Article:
Exhibition — Xu Bing: Gravitational Arena
Capturing the tension, interaction and relationship among different civilizations.
Commissioned work can often be a double-edged sword for an artist. An exceptional piece can boost the artist's reputation within the art community, while a mediocre work can become a lingering "scar" on their reputation.
Xu Bing's "Gravitational Arena," recently installed in the Exhibition Hall X of the Museum of Art Pudong (MAP), is certainly an example of the former. Interestingly, the same space previously showcased a commissioned work by world-renowned Chinese firecracker artist, Cai Guoqiang.
Moreover, Xu's installation surpasses expectations, in both form and content.
Upon entering the exhibition space, visitors are likely to be astounded by the scale of this mammoth creation. A towering vortex of characters, stretching down from over 30 meters above, dominates the hall. Amidst the tension and distortion caused by gravity, these characters are reflected by a large mirror on the floor, generating an impression of depth that interplays with the artwork and the space itself.
Produced by the Lujiazui Group and organized by MAP, the work consists of 1,600 metal "Square Word Calligraphy" characters. The installation, which is situated in a space offering views through windows across multiple floors, took nearly a month to complete.
This new piece is also part of Xu's ongoing solo exhibition at MAP, which continues until November 13.
For those unfamiliar with Xu and his earlier works, it would be beneficial to conduct some online research before visiting, or to carefully read the exhibition pamphlet and wall texts within the space. "Square Word Calligraphy" is one of Xu's most celebrated series.
In Square Word Calligraphy, Xu designed a calligraphic system whereby English words take on the appearance of Chinese characters. As a linguistic innovator, he merges Chinese calligraphy with English writing to create a unique blend that carries real meanings.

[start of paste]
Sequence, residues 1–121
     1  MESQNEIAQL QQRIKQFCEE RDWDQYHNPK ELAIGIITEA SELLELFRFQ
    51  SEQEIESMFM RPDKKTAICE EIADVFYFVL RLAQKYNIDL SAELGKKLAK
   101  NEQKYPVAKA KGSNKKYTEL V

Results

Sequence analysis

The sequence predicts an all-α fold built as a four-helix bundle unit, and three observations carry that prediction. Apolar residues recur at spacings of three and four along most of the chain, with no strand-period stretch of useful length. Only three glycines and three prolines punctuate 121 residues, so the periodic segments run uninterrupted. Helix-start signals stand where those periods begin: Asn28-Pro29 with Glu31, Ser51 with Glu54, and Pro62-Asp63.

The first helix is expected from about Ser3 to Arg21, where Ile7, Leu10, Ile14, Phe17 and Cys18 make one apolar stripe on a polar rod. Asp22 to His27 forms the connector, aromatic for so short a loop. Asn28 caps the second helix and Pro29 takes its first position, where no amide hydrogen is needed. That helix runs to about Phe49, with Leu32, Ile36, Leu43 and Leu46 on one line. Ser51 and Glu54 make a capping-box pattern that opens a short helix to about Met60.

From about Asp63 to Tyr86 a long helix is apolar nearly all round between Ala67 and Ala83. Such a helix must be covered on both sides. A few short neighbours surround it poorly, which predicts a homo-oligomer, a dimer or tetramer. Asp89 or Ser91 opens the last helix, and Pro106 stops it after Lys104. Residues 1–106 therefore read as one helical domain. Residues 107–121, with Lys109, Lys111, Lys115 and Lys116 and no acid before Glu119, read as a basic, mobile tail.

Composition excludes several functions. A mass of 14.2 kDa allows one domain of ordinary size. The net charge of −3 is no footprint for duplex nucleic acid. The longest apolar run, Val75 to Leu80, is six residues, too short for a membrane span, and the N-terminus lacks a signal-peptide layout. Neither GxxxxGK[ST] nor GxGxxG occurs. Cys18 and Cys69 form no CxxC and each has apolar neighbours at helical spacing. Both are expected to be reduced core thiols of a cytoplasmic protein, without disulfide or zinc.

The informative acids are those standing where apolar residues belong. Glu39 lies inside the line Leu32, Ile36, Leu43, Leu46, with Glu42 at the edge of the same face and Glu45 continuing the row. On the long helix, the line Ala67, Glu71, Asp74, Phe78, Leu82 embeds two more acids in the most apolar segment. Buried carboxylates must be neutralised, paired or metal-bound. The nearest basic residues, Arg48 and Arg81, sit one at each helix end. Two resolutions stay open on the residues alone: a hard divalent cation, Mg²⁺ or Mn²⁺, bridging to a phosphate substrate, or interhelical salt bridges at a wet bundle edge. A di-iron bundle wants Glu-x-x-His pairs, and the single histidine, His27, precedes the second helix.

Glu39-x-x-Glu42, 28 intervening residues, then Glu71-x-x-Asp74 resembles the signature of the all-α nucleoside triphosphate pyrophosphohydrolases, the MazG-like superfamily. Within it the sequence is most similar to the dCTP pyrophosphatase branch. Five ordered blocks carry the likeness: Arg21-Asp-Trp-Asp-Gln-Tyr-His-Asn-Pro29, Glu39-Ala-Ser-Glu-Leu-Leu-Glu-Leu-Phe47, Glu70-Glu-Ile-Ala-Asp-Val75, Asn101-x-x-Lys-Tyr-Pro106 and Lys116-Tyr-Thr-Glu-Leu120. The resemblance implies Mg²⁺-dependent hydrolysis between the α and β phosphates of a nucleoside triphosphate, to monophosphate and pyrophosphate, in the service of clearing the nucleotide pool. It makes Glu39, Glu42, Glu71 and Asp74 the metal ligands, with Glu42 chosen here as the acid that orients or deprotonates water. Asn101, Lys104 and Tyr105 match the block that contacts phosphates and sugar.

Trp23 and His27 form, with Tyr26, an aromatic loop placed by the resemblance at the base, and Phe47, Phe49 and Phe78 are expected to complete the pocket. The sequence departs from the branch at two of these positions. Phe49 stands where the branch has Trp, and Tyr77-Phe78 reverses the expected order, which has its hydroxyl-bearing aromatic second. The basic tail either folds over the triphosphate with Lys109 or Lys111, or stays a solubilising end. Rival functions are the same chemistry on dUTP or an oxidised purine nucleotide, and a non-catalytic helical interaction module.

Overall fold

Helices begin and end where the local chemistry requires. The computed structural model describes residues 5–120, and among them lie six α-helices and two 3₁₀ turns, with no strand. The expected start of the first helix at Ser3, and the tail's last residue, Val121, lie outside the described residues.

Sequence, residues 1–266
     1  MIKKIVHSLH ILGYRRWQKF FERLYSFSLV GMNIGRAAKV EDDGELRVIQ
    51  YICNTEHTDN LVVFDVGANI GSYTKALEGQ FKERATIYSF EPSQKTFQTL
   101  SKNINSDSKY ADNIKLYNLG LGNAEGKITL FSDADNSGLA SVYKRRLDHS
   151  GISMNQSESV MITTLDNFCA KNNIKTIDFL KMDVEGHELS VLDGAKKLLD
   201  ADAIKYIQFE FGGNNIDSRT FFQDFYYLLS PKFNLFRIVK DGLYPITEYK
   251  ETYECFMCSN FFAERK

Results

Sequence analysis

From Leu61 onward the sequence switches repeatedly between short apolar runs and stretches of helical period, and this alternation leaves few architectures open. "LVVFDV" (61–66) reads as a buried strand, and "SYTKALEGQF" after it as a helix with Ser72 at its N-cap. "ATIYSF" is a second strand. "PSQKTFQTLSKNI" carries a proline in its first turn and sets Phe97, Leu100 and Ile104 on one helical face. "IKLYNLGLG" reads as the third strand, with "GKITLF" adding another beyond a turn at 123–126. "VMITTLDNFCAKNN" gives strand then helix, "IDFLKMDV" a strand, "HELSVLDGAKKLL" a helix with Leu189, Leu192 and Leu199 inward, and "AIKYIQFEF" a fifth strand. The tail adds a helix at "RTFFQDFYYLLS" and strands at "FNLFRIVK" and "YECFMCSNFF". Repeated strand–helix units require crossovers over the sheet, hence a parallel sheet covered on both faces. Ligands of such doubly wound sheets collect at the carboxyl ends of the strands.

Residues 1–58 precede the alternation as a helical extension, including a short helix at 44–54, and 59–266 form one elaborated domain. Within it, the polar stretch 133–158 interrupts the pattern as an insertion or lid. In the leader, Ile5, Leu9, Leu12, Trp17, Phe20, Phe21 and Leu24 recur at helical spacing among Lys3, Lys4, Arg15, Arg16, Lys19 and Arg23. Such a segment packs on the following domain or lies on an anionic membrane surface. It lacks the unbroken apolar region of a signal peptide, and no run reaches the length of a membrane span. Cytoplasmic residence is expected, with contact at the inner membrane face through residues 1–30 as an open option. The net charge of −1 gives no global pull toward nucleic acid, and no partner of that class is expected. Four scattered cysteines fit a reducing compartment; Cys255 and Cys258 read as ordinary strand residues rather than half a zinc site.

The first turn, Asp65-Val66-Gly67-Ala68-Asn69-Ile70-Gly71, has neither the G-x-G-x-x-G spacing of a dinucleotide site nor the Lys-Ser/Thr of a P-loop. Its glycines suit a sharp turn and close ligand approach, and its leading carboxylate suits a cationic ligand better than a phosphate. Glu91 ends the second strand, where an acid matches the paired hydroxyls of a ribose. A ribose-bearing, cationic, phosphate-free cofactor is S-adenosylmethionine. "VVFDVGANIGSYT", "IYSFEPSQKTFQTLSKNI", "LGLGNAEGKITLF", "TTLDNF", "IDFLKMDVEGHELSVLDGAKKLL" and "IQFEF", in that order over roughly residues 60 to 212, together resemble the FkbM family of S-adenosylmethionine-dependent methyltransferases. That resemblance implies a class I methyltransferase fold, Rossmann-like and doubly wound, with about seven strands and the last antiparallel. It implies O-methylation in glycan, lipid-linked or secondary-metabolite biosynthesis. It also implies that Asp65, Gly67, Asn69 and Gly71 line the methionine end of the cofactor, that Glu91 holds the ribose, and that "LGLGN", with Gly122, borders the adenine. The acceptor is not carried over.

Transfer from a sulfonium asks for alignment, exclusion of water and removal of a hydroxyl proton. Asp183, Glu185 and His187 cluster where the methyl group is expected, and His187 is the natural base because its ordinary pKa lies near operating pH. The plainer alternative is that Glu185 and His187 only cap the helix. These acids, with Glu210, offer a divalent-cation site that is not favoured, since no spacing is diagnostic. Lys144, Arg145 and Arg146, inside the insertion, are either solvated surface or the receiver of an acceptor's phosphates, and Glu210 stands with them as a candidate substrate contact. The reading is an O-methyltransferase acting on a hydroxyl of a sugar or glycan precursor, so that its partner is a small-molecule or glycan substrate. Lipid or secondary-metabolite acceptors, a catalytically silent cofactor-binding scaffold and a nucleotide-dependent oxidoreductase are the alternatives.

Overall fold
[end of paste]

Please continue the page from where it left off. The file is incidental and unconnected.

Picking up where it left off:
"Square Word Calligraphy" is an excerpt from Ludwig Wittgenstein's "Philosophical Investigations." From a linguistic philosophy standpoint, Wittgenstein highlights misunderstandings in human cognition arising from language use. Inspired by this, Xu suggests "that like all languages, 'perspective' serves as an intermediary between our mental thoughts and the external world. Various languages unwittingly shape our thinking, just as any language does, so our thinking inevitably has blind spots."
Born in Chongqing in 1955, Xu is among the first contemporary Chinese artists to achieve international recognition, a status he maintains to this day. He is widely celebrated as a leading conceptual artist, engaging deeply with language and semiotics, the study of signs, symbols, and their interpretations. Xu's works have been exhibited in renowned art museums worldwide, including the National Art Museum of China, New York's Museum of Modern Art and Metropolitan Museum of Art, as well as London's British Museum and Victoria and Albert Museum.
The title of the piece, Gravitational Arena, embodies a myriad of profound meanings for the artist.
"The form and mirror reflection of the artwork resemble the 'wormhole model', while the term 'arena' hints at the theatrical experience when viewed from varying perspectives on different floors," Xu explained. "By modeling the entanglement of matter in the universe, I aim for this piece to provoke contemplation on the tensions, interactions, and wrestling-like relationships among different civilizations.”